The idea of a “teenager” is a fairly new concept. Up until the 1950s, you were a child…and then you were an adult.There was no futzing around in between.
But with the end of World War II, there came this new construct: a new and rapidly growing cohort of people in their teen years who seemed to have ever-increasing social and economic power. What followed was the birth of modern youth culture.
John Savage, the author of London’s Dreaming (still the best book on English punk) and Lipstick Traces, takes a look at the birth of the teenager. This appeared in The Dissolve.
n Matt Wolf’s documentary, which Savage helped adapt from his book, the coalescing of this newly understood demographic is broken down into representative characters like movie star Brenda Dean Paul, a member of the London social circle that became known as the Bright Young Things, and burgeoning Hitler Youth Melita Maschmann; not everyone who learned how to exploit adolescent psychology did it with good intentions.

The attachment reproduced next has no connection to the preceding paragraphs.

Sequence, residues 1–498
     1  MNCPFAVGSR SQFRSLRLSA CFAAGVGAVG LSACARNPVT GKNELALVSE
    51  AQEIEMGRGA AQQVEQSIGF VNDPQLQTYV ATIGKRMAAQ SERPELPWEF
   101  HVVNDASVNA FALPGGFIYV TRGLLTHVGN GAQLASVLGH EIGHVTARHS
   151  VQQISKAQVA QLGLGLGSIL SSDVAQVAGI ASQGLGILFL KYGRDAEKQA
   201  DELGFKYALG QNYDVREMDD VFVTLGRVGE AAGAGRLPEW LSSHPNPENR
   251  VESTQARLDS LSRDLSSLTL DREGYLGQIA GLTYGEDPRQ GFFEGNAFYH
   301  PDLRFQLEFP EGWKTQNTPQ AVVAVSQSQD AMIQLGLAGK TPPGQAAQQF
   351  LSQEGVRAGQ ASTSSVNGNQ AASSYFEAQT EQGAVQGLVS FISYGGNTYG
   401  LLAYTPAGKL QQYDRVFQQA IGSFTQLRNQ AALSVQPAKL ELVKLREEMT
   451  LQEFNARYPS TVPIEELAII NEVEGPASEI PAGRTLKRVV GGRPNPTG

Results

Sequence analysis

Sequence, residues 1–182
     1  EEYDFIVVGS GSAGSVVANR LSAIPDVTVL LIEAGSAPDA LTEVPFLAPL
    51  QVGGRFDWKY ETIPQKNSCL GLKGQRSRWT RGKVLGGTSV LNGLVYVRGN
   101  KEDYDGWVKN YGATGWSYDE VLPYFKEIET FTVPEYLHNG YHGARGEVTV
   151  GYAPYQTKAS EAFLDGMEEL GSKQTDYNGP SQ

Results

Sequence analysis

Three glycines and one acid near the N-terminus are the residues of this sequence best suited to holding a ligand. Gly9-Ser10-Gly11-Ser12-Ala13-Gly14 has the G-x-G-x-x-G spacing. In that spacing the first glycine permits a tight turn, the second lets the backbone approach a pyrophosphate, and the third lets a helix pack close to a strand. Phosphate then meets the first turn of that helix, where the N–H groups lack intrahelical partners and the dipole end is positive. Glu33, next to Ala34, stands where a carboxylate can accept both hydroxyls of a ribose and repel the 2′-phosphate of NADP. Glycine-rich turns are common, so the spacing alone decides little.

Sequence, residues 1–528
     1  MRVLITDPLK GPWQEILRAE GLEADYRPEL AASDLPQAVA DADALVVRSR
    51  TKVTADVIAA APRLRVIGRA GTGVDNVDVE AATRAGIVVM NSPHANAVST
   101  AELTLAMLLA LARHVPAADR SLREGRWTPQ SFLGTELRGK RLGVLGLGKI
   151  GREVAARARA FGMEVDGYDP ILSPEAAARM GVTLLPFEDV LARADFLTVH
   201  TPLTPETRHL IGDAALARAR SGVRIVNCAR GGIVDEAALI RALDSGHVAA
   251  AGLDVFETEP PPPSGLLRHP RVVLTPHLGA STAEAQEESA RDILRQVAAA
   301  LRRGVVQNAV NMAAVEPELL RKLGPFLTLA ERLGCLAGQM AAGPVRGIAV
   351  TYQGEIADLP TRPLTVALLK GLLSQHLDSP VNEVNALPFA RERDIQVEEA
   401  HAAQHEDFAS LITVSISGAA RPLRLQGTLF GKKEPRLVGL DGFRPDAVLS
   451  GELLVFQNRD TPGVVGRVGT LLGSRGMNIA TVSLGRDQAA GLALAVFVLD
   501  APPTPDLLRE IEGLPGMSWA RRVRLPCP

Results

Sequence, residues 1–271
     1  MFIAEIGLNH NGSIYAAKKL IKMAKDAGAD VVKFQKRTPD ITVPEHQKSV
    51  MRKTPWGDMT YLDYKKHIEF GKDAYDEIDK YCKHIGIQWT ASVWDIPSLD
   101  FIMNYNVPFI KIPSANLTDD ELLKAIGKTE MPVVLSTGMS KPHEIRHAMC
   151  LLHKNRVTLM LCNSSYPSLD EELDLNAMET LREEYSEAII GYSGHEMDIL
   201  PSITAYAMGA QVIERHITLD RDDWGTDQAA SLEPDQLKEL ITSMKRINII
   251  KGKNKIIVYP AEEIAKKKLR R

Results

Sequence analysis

In a sense, theTeenage film isn’t a documentary so much as a séance, transporting viewers into the minds of those who, unbeknownst even to themselves, helped give birth to a world where the whims of teenage consumers leave marketing mavens quivering with a mixture of anticipation and fear.